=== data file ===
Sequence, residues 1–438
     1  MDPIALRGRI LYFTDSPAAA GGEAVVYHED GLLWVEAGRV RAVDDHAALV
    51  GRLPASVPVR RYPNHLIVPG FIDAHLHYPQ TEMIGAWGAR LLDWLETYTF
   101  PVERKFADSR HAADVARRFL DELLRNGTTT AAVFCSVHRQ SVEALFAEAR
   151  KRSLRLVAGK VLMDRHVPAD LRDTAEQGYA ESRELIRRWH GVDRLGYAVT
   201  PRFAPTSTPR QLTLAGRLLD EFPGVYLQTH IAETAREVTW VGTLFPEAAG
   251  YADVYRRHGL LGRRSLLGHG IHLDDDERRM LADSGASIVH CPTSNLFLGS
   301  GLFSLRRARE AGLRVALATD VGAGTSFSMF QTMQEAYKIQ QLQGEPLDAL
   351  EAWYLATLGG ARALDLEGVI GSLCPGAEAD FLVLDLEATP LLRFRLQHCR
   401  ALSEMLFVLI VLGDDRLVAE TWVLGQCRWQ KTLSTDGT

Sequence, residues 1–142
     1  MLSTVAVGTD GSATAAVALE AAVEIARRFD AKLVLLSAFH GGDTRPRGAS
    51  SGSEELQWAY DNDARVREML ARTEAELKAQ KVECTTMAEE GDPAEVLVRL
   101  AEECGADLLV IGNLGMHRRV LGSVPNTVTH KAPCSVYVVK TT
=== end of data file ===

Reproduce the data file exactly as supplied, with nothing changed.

Sequence, residues 1–438
     1  MDPIALRGRI LYFTDSPAAA GGEAVVYHED GLLWVEAGRV RAVDDHAALV
    51  GRLPASVPVR RYPNHLIVPG FIDAHLHYPQ TEMIGAWGAR LLDWLETYTF
   101  PVERKFADSR HAADVARRFL DELLRNGTTT AAVFCSVHRQ SVEALFAEAR
   151  KRSLRLVAGK VLMDRHVPAD LRDTAEQGYA ESRELIRRWH GVDRLGYAVT
   201  PRFAPTSTPR QLTLAGRLLD EFPGVYLQTH IAETAREVTW VGTLFPEAAG
   251  YADVYRRHGL LGRRSLLGHG IHLDDDERRM LADSGASIVH CPTSNLFLGS
   301  GLFSLRRARE AGLRVALATD VGAGTSFSMF QTMQEAYKIQ QLQGEPLDAL
   351  EAWYLATLGG ARALDLEGVI GSLCPGAEAD FLVLDLEATP LLRFRLQHCR
   401  ALSEMLFVLI VLGDDRLVAE TWVLGQCRWQ KTLSTDGT

Sequence, residues 1–142
     1  MLSTVAVGTD GSATAAVALE AAVEIARRFD AKLVLLSAFH GGDTRPRGAS
    51  SGSEELQWAY DNDARVREML ARTEAELKAQ KVECTTMAEE GDPAEVLVRL
   101  AEECGADLLV IGNLGMHRRV LGSVPNTVTH KAPCSVYVVK TT